SALT LAKE CITY — Gov. Gary Herbert is asking President Barack Obama to declare Utah a major disaster in the wake of last month's storms that produced record-breaking precipitation in Kane and Washington counties.

In letter sent Thursday, Herbert outlined nearly $6 million in damage incurred as a result of the storms, which dropped 16 inches of rainfall and 15.3 inches of snow in the region.

"I have determined that this incident is of such severity and magnitude that effective response is beyond the capabilities of the state and affected local governments and that supplementary federal assistance is necessary," Herbert wrote.

Describing it as a statewide "severe winter event," Herbert said the storm resulted in the activation of the Washington County Emergency Operations Center on Dec. 20 and subsequently a number of resources were deployed.

"The storms and flooding damaged public facilities and private property and threatened the lives and safety of many residents in southwestern Utah," his letter said.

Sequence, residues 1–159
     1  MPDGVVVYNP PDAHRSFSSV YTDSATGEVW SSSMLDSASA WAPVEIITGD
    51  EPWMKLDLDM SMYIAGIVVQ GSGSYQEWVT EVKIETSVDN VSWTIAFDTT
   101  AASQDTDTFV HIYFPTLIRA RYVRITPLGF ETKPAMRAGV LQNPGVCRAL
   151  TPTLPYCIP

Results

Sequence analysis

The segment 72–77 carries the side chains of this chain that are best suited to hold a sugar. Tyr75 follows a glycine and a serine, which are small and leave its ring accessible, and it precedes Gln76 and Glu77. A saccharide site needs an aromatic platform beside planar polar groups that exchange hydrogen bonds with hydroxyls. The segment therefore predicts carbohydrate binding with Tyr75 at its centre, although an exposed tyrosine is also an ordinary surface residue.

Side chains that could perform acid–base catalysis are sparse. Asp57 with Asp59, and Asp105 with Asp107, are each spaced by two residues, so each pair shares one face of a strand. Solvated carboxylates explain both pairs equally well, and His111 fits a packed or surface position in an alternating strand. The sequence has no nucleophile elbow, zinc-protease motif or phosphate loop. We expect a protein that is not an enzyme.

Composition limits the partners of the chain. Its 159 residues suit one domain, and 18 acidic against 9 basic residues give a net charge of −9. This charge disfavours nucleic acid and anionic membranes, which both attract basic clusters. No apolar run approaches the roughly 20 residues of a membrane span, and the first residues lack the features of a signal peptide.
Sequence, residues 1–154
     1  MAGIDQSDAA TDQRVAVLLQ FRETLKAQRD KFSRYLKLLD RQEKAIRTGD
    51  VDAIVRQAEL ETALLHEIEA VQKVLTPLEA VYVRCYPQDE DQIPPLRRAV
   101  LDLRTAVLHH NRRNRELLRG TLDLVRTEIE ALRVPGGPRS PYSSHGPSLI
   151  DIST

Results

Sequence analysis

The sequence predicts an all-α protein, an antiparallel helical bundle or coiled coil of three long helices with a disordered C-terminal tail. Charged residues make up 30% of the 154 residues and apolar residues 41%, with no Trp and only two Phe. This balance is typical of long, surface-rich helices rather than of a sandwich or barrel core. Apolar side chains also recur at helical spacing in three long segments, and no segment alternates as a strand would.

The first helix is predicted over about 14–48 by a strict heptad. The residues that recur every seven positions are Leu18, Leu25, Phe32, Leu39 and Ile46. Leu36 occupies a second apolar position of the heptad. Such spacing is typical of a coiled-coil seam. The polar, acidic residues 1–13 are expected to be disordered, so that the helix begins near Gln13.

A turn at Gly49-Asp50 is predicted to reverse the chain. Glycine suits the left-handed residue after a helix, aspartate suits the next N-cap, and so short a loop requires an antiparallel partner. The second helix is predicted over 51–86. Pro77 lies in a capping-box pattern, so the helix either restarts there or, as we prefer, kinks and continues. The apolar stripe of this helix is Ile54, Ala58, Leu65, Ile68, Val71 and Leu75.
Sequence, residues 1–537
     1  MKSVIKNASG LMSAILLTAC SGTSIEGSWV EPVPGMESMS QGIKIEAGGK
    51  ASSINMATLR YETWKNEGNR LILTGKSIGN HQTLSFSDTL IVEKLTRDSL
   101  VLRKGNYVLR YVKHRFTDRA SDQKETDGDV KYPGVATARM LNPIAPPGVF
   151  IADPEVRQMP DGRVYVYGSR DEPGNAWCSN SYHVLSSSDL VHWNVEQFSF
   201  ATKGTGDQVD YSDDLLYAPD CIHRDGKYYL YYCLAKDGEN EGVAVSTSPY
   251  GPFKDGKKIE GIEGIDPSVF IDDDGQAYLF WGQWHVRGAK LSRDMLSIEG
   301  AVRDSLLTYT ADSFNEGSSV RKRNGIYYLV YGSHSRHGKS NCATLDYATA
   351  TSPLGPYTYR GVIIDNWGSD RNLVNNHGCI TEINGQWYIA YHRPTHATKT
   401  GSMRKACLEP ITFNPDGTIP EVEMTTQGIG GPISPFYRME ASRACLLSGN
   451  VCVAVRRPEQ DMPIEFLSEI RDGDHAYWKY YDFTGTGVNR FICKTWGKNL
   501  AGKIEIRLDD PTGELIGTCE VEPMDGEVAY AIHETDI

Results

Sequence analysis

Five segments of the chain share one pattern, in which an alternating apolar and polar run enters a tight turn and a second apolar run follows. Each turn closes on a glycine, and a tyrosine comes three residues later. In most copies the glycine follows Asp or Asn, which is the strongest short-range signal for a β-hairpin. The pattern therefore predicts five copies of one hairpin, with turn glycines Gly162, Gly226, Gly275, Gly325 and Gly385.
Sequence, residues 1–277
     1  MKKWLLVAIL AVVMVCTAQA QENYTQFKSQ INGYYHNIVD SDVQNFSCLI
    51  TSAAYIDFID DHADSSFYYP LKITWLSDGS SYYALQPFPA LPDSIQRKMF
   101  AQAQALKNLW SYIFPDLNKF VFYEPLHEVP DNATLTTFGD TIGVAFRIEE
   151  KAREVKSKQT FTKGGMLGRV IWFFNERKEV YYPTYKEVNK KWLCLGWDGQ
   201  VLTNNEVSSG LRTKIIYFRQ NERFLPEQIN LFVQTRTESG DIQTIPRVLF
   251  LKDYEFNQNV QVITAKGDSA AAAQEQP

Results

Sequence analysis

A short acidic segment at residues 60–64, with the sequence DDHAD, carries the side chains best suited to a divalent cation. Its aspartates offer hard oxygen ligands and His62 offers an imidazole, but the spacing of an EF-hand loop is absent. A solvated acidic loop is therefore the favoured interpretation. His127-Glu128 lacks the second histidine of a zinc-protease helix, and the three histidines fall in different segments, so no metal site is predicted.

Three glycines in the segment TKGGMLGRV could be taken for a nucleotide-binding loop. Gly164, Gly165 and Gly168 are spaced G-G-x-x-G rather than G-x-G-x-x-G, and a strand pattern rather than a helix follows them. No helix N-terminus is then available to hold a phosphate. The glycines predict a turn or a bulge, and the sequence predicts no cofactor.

Intense flooding damaged multiple homes, took out bridges, forced evacuations of hundreds and called into question the integrity of two dams. As a result, Herbert said multiple state agencies responded to assist with flood control, assess damage and evaluate dam failure threats, including the Utah Department of Natural Resources, Utah Department of Transportation and Utah National Guard.

He said the most severe impacts were to roads, utility systems, parks and trails.

Per capita costs, when isolated to Washington County, come out at $52.21 as the result of the December storm, and $175.00 per capita in Kane County, according to the governor's letter. Statewide, that figure is at $2.59 per capita.

A statewide report on the water supply outlook for this water year shows that as early January, southwestern Utah had snowpack at 274 percent of average while precipitation in the region was at a whopping 520 percent.

Herbert said the more than ample snowpack, combined with future storms and spring runoff, is likely to result in "debris dams" that redirect stream flows in the Santa Clara and Virgin rivers, elevating threats in the months to come.

A state and regional natural hazard mitigation plan is already under review by Federal Emergency Management Agency officials in Denver.